A child pornography bust in Italy, carried out by both the Postal and Communication Police as well as the CNCPO (National Center for Combating Child Pornography on-line), lead to 21 search warrants being issued, five of which resulted in subsequent arrests. The arrests took place in Lombardy, Tuscany, Trentino Alto Adige and Lazio, an Italian news agency claims. The remaining individuals were not proven to be in possession of any illegal material at the time of the searches, even though it had been proven they were involved in sharing and downloading. They had likely deleted the material before the raid, police believe.
In 2015, Europol and Beligian Police were able to use a hash file to track communications between the pornography ring and then the information was submitted to Italian authorities where the sting was carried out.
Italian Postal and Communication Police and the National Center for Combating Child Pornography Online conducted the sting where the massive amount of illegal material was found. The five who were arrested were found with information stored locally, either on their PC or, like one grandfather who was arrested, on at least 47 flash drives scattered around his home. One of the arrests happened while an individual was caught in the act – he was sharing over 600 files with someone, who, as the article points out, lived at home with his parents. Out of the five arrests, four had completely clean records and only one had any criminal history but it was unrelated to child pornography.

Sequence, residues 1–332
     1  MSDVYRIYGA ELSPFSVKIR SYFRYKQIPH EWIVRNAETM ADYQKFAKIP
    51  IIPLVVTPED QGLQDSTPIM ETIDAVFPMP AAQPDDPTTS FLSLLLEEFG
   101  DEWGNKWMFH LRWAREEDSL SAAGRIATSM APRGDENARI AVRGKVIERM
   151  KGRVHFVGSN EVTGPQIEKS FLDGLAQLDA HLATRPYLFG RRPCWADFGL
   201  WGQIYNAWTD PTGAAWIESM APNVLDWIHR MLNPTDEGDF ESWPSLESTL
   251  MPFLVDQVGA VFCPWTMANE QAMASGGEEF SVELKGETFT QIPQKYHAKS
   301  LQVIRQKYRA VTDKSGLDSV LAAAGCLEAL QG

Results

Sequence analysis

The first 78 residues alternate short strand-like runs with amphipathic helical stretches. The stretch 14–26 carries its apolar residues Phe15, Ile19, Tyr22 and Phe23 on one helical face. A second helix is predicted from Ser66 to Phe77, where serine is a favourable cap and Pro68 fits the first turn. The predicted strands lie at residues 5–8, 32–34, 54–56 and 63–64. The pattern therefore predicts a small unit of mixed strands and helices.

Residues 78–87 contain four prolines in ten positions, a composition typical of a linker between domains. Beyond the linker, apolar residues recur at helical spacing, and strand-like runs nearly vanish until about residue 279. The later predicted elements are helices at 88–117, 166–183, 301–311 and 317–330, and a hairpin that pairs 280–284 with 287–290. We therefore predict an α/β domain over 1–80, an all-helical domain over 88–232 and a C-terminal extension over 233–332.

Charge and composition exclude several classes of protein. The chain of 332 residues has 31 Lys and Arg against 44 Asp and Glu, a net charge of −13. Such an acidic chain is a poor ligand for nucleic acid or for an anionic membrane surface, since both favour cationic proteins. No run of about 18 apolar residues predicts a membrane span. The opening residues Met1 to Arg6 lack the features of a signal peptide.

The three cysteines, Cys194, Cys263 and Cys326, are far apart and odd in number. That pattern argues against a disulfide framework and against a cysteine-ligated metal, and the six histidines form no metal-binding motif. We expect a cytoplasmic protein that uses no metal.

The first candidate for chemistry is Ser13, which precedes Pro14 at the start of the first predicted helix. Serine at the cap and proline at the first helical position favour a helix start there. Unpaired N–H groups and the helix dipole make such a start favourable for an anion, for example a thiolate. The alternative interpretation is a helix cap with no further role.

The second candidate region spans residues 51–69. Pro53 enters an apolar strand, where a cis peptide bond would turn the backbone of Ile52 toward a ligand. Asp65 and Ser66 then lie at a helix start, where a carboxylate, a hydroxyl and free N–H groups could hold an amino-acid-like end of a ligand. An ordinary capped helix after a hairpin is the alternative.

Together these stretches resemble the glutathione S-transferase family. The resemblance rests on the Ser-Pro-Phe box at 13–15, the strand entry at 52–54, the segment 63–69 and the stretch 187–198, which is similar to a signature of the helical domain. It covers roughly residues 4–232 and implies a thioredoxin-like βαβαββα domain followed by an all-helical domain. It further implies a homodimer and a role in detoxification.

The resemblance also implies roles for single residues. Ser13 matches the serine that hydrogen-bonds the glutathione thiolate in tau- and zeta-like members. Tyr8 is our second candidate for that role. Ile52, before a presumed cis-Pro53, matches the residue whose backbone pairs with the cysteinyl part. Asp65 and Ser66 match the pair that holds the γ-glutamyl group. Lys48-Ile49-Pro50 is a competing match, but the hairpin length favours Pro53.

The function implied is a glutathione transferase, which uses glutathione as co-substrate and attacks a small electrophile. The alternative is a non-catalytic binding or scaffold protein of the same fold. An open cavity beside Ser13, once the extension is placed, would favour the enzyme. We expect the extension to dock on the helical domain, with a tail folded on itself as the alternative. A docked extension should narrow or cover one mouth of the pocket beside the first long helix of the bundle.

The information on the demographics of those arrested is interesting as it goes along with what the General Director of the Italian National Police said in 2010 – in a document regarding methods and measures in place to catch active pedophiles – using the internet as a medium.
In the last decade, internet child pornography has changed from an emerging phenomenon, mainly restricted to psychotic individuals to a serious criminal threat in which perverse drives and commercial motivations are combined.
Among those caught were, as I mentioned before, a grandfather of two young children, an electrical engineer, a former postal worker, and the individual living in the same house as his parents. None of them had criminal records related to child pornography.
Italian law enforcement has had run-ins with the deepweb before; in 2015 they took down the “Babylon” market, which, at the time, was one of the more extreme mainstream markets. It was taken down in an investigation on child pornography online, something that Babylon market openly allowed to be sold. It was one of the few markets that allowed weapons since the removal of Silk Road, resulting in it attracting attention more attention than desired. After the discovery and take-down of Babylon market, it was called an “incredible criminal world, parallel to Internet, which paradoxically represents only a small part of the communications taking place over the Web.”
We aren’t aware of any specific marketplace in the sting, or even if any marketplace was involved as Italy takes a very firm stance on crimes against children and has services that crawl the web and report. Italian law enforcement keeps reports of child pornography, all reported by either the police, citizens, and a content filter. This information is either used in an investigation or passed on to international authorities. ISPs are passed along the URLs of offending sites so that they can be blacklisted in an attempt to keep the crime under control.
You can read about the Italian bust of the Babylon marketplace here.